Engineered coating systems are complex, as mentioned in other postings. When the manufacturer's recommendations are followed, these coatings are very good at preventing corrosion to the substrates. However, if proper prep, mixing, contamination control, etc., is not followed there can be many different defects that render the coatings useless.
One such defect is known as "pinholes". Often, or usually, this defect is not observable with the naked eye without magnification. It's almost like worms ate holes down through the layers of coating. Sometimes pinholes exist in a top coat, or maybe also the intermediate coating layer, but not penetrate the primer. In other instances, the pinholes may extend all the way to the base metal. If the coating is fairly new and pin point rusting is observed, chances are pretty good the pinhole goes to the base metal.
The remedy in such instances, is removal of the paint layer with the defect. If the primer also exhibits the defect, all the coating material needs to be removed. So, a "paint job" may look impeccable, but be a complete failure under... Read more
ROM - $25mm and a year of time by a well staffed painting contractor.
At a plant in the Middle East, the EPC contractor failed to appreciate the difficulty and consequences of not properly cleaning the LP Steam distribution system and Condensate system during commissioning.
The plant was a very large combined-cycle plant with back-pressure steam turbines that fed a 72" header. That LP header in-turn fed a billion dollars in desalination equipment. This steam network was huge. Also given it's size, it would have been difficult in certain locations to get a sufficient steam velocity to remove scale and debris. It is doubtful, given the evidence of fouling in the system, that anyone tried very hard to achieve a degree of cleanliness.
One snapshot of the damage in the system is the return condensate pump impeller indications. These impellers are supposed to have a straight (square) leading edge. Keeping in mind, these pumps were only a year old, this is not normal wear. Also, condensate is supposed to be very clean with no debris...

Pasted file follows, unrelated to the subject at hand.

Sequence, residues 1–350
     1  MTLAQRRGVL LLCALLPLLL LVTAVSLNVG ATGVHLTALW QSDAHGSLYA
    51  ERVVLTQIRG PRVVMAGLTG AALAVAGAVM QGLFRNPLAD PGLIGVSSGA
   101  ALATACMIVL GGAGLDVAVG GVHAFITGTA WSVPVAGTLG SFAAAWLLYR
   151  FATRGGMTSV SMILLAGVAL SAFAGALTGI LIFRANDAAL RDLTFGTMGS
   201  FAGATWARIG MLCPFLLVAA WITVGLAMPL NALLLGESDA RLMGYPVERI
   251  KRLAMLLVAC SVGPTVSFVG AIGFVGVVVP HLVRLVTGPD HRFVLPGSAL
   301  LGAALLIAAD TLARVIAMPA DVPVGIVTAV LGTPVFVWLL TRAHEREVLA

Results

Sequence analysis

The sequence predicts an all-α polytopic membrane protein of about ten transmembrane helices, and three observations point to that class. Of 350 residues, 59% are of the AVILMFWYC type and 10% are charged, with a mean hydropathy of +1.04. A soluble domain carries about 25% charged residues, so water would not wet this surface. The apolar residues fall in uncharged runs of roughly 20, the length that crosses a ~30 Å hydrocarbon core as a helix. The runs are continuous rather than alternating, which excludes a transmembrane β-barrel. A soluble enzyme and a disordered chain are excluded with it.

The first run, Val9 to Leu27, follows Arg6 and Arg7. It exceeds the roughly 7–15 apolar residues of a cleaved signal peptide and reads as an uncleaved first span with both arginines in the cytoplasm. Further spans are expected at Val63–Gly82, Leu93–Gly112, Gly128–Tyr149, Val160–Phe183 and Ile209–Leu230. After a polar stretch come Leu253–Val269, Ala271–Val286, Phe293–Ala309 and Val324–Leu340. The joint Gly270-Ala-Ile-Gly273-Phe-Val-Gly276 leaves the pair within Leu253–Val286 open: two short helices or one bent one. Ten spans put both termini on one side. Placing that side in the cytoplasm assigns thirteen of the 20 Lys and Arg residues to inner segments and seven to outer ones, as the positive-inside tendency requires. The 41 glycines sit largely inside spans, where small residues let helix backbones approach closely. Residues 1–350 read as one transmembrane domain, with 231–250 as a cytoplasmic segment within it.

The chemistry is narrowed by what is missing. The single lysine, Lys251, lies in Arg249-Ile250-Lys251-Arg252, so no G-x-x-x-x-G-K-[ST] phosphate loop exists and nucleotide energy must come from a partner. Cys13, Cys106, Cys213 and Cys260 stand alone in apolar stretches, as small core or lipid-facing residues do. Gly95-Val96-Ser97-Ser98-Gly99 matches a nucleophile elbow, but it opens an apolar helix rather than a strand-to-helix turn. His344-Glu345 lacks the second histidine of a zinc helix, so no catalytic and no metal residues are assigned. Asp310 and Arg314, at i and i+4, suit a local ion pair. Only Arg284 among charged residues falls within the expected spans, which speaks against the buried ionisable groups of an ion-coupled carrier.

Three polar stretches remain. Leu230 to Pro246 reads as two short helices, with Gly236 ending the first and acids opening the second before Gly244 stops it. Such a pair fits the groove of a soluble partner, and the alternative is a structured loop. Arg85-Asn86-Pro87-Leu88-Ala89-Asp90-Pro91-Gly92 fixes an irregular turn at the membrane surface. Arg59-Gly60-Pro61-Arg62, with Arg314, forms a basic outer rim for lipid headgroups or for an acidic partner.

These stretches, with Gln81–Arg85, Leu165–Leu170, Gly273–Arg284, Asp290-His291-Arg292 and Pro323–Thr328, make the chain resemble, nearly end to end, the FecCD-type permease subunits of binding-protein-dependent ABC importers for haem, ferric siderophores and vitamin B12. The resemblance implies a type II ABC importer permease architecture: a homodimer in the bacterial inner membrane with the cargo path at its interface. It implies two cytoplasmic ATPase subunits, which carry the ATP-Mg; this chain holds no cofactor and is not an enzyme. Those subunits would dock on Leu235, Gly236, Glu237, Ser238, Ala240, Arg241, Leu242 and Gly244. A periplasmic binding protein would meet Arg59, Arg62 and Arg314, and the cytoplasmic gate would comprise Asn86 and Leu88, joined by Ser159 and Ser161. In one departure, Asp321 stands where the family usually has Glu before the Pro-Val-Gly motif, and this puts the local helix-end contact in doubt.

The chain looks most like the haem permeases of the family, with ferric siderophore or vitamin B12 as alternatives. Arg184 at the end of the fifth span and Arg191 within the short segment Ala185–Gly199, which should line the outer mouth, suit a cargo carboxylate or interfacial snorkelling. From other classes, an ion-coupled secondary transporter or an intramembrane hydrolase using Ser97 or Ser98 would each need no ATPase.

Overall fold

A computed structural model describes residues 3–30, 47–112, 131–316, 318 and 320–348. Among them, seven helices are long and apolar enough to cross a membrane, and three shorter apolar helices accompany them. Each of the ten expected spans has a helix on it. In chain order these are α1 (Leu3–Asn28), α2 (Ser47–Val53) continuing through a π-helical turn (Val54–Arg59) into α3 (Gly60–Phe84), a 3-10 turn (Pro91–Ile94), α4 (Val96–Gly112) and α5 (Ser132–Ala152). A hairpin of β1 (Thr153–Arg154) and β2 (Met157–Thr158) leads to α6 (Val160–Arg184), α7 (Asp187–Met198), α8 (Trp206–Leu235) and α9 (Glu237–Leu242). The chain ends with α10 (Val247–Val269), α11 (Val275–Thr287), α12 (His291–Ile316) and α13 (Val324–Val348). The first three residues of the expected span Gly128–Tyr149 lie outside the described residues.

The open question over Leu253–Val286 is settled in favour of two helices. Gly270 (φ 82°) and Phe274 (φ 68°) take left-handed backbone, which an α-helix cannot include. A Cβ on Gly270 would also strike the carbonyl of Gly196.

A borescope was used to inspect the impellers in situ during a strainer cleaning. Debris in the strainers is evident... Read more
Maybe some schedule time.
Impeller replacement. Probably $250k +/- depending on number of times. 54 units.
Coatings are typically shop applied and touched up in the field. On a large power station, there is considerable touch-up and it must be done correctly.
Briefly, as mentioned elsewhere in this Blog, coatings are not "paint", they are an engineered product that requires skilled personnel to apply properly. In this case there are three coats in the system. A zinc primer, epoxy mid-coat, followed by a urethane topcoat. Details... No coating will stick to steel substrate that is dirty, too smooth, or otherwise not prepared to the coating manufacturers requirements. An epoxy mid-coat sticks well to a zinc primer but does not stick to a urethane topcoat. If epoxy is left without a urethane topcoat, it deteriorates from UV. Urethane in most case needs to be applied over epoxy.
So, if a repair needs to be made, the existing paint needs to be taken off down to the primer, or mid-coat, depending on the damage. However, epoxy (mid-coat) cannot be "slapped on" as to overlap onto existing urethane. It will not stick. Also, coatings cannot be applied over corrosion or dirt; seems obvious... ... Read more
Varies by plant, but to re-perform is significant. If unrepaired, O&M is constantly painting, or lets plant rust.